Baumgartner JC, Falkler WA Jr. Bacteria in the apical 5 mm of infected root canals. J Endod 1991;17:380-3.  Back to cited text no. 2
    
3.
Sjögren U, Figdor D, Persson S, Sundqvist G. Influence of infection at the time of root filling on the outcome of endodontic treatment of teeth with apical periodontitis. Int Endod J 1997;30:297-306.  Back to cited text no. 3
    
4.
Cruz-Filho AM, Sousa-Neto MD, Savioli RN, Silva RG, Vansan LP, Pécora JD. Effect of chelating solutions on the microhardness of root canal lumen dentin. J Endod 2011;37:358-62.  Back to cited text no. 4
    
5.
Pascon FM, Kantovitz KR, Sacramento PA, Nobre-dos-Santos M, Puppin-Rontani RM. Effect of sodium hypochlorite on dentine mechanical properties. A review. J Dent 2009;37:903-8.  Back to cited text no. 5
    
6.
Akcay I, Sen BH. The effect of surfactant addition to EDTA on microhardness of root dentin. J Endod 2012;38:704-7.  Back to cited text no. 6
    
7.
Zhang K, Kim YK, Cadenaro M, Bryan TE, Sidow SJ, Loushine RJ, et al. Effects of different exposure times and concentrations of sodium hypochlorite/ethylenediaminetetraacetic acid on the structural integrity of mineralized dentin. J Endod 2010;36:105-9.  Back to cited text no. 7
    
8.
Uzunoglu E, Aktemur S, Uyanik MO, Durmaz V, Nagas E. Effect of ethylenediaminetetraacetic acid on root fracture with respect to concentration at different time exposures. J Endod 2012;38:1110-3.  Back to cited text no. 8
    
9.
Uzunoglu E, Yilmaz Z, Erdogan O, Görduysus M. Final irrigation regimens affect fracture resistance values of root-filled teeth. J Endod 2016;42:493-5.  Back to cited text no. 9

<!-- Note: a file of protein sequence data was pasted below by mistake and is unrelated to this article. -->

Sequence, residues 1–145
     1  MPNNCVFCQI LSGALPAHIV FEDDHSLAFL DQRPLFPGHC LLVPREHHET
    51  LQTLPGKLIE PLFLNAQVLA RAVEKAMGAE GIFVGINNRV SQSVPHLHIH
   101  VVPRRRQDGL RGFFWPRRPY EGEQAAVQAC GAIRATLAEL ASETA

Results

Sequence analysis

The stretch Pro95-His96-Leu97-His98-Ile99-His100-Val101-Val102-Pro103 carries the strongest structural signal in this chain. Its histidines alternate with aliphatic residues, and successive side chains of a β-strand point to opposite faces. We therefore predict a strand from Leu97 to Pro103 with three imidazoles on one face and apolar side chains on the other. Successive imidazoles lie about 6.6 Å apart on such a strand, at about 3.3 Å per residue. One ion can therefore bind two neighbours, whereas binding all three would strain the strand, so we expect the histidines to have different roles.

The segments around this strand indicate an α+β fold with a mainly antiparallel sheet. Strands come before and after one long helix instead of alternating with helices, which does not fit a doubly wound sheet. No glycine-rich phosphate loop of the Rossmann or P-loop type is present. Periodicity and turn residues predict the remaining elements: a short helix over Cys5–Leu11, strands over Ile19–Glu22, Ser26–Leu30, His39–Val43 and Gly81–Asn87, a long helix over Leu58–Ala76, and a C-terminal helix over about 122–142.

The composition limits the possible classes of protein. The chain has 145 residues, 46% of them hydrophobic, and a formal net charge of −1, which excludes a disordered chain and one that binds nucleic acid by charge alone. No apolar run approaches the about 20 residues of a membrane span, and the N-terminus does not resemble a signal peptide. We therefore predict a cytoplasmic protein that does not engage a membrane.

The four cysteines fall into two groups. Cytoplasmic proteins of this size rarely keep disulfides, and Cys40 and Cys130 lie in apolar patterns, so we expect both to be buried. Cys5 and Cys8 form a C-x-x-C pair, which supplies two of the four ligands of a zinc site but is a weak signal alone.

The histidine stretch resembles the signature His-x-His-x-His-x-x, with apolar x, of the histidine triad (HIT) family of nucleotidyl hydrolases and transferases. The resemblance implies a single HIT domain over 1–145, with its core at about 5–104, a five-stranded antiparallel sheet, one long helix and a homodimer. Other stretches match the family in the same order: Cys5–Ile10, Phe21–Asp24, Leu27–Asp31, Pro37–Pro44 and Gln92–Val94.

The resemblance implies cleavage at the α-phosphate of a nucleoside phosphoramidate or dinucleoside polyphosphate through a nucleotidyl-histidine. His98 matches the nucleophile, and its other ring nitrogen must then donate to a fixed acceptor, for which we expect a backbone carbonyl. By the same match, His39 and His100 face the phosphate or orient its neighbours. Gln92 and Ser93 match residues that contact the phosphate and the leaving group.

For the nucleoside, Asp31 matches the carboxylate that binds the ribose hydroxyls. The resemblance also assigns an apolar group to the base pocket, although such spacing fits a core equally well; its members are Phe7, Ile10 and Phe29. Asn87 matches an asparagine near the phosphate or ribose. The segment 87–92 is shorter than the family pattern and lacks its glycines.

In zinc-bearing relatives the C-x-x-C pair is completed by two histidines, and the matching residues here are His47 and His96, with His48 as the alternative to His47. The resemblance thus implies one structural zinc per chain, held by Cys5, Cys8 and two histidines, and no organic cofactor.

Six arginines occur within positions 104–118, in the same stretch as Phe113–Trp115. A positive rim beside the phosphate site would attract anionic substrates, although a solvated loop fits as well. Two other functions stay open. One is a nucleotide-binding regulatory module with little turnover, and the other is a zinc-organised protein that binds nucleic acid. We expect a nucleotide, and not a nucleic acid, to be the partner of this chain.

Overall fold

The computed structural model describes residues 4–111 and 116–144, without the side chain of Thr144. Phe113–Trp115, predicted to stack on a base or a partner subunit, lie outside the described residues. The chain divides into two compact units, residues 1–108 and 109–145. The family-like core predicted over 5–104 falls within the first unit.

10.
Wang L, Zhao Y, Mei L, Yu H, Muhammad I, Pan Y, et al. Effect of application time of maleic acid on smear layer removal and mechanical properties of root canal dentin. Acta Odontol Scand 2017;75:59-66.  Back to cited text no. 10
    
11.
Souza EM, Quadros JR, Silva EJ, De-Deus G, Belladonna FG, Maia-Filho EM. Volume and/or time of NaOCl influences the fracture strength of endodontically treated bovine teeth. Braz Dent J 2019;30:31-5.  Back to cited text no. 11
    
12.
Prada I, Micó-Muñoz P, Giner-Lluesma T, Micó-Martínez P, Muwaquet-Rodríguez S, Albero-Monteagudo A. Update of the therapeutic planning of irrigation and intracanal medication in root canal treatment. A literature review. J Clin Exp Dent 2019;11:e185-93.  Back to cited text no. 12
    
13.
Cavalleri G, Cantatore G, Costa A, Grillenzoni M, Comin Chiaramonti L, Gerosa R. The corrosive effects of sodium hypochlorite on nickel-titanium endodontic instruments: Assessment by digital scanning microscope. Minerva Stomatol 2009;58:225-31.  Back to cited text no. 13
    
14.
Morris MD, Lee KW, Agee KA, Bouillaguet S, Pashley DH. Effects of sodium hypochlorite and RC-prep on bond strengths of resin cement to endodontic surfaces. J Endod 2001;27:753-7.  Back to cited text no. 14
    
15.
Jena A, Sahoo SK, Govind S. Root canal irrigants: A review of their interactions, benefits, and limitations. Compend Contin Educ Dent 2015;36:256-61.  Back to cited text no. 15